News Listing

Dispelling misinformation and anxiety


Dispelling misinformation and anxiety

The enhanced prevention measures during the fifth wave of the COVID-19 outbreak in Hong Kong have drastically changed citizens' daily lives. In these challenging times, scholars at HKBU have conducted a series of research studies to identify and address issues that can help decision-makers develop and refine public health communication strategies.

Getting the right information

Exposure to misinformation about COVID-19 vaccines can reduce the public's intention to get vaccinated, and therefore it is crucial for the public sector to debunk the misinformation in a timely and effective way while also providing clear and feasible guidance as well as calls for action.


In a recent study, Dr Zhang Xinzhi, Assistant Professor of the Department of Journalism, and his team examined the frequency and nature of the delivery channels used to share COVID-19 vaccine misinformation messages in Hong Kong from July 2021 to February 2022, and they reviewed the rumour-clarification and debunking practices of the public sector. The team found that the debunking posts mostly focused on the negative aspects, such as the side effects of the vaccines and the stigma associated with the vaccination process, while positive content mentioning the potential benefits of vaccination was relatively less frequent.


Based on the analysis, the researchers suggest that there should be more focused messages for the respective target audiences, more calls for action, and posts on self-efficacy that can promote vaccination and help people make informed choices. Debunking posts should also be more coherent and supported by relevant figures and evidence.


For the details of the study, please click here.

Using machine learning to analyse citizens' anxiety

With mental health organisations reporting an increased number of calls for help, it is imperative to understand the issues that Hong Kong people are most concerned about, in order to explore solutions that can help people maintain their mental wellbeing.


Led by Dr Li Yupeng, Assistant Professor of the Department of Journalism, an HKBU research team analysed the sentiments and the levels of anxiety in posts from a social media platform. By using natural language processing and deep learning techniques to capture and interpret the data, the team found that netizens showed an escalated level of anxiety that corresponded to the rapid deterioration of the epidemic situation from early February 2022 onwards. The project also discovered that the most frequently discussed issues on the social media platform are related to politics, health and the epidemic situation.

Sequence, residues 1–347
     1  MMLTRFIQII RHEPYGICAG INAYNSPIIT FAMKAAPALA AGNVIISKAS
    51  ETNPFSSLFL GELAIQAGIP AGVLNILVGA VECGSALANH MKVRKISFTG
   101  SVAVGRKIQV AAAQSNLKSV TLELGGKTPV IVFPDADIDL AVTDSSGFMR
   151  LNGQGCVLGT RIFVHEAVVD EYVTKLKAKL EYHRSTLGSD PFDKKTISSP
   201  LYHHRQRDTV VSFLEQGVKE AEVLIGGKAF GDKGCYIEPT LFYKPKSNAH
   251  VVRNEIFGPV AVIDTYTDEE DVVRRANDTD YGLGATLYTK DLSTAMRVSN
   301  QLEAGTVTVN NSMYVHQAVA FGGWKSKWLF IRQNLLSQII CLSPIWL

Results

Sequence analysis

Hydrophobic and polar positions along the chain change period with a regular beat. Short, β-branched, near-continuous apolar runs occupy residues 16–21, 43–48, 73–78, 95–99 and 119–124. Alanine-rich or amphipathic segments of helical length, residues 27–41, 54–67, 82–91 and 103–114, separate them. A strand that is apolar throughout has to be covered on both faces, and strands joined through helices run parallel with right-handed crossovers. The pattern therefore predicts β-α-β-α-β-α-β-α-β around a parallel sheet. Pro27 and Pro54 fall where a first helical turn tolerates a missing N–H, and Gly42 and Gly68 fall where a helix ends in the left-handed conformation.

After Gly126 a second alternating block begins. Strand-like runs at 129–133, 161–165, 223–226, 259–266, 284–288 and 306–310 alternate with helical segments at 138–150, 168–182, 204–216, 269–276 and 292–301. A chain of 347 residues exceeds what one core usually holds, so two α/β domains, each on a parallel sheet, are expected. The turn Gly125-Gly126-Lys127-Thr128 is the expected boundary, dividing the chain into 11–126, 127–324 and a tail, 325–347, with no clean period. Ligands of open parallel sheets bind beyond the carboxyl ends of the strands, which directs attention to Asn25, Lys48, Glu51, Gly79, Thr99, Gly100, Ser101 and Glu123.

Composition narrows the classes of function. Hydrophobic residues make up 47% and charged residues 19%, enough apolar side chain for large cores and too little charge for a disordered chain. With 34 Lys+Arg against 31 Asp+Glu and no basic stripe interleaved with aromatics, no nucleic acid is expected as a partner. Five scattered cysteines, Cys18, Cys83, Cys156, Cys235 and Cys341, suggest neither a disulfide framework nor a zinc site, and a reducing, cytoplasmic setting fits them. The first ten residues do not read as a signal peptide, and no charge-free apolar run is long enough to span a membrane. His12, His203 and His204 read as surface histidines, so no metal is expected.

The findings suggest that the Government, in addition to focusing on public health issues, should also provide timely guidance and assistance to help relieve the anxiety of citizens. For example, releasing information about the latest policies which address specific problems may help reduce citizens' anxiety caused by uncertainty.


For the details of the study, please click here.

How to boost the vaccination rate among older people

Dr Stephanie Tsang, Assistant Professor of the Department of Communication Studies, conducted a survey to understand the reasons for the low vaccination rate among the elderly in Hong Kong. The study was designed to gather information on respondents' perceptions of the pandemic and attitudes towards the Government's anti-pandemic measures. It found that the respondents' vaccine hesitancy and risk perceptions of the COVID-19 vaccines have a significant impact on their parents’ vaccination status. The more the respondents thought that the vaccines were developed too quickly and that the advice given by infectious disease experts was inconsistent, the greater the tendency of their parents to delay getting vaccinated.


The findings suggest that healthcare experts should emphasise the safety of the vaccines when explaining the importance of vaccination to the family members of older people, and this should ease their concerns about the severity of the vaccines' side effects. Besides providing information about the vaccines' importance and how they work, it would be helpful to increase citizens' understanding of how the vaccines can be developed in a short period of time and why epidemic prevention experts may have different opinions.


For the details of the study, please click here.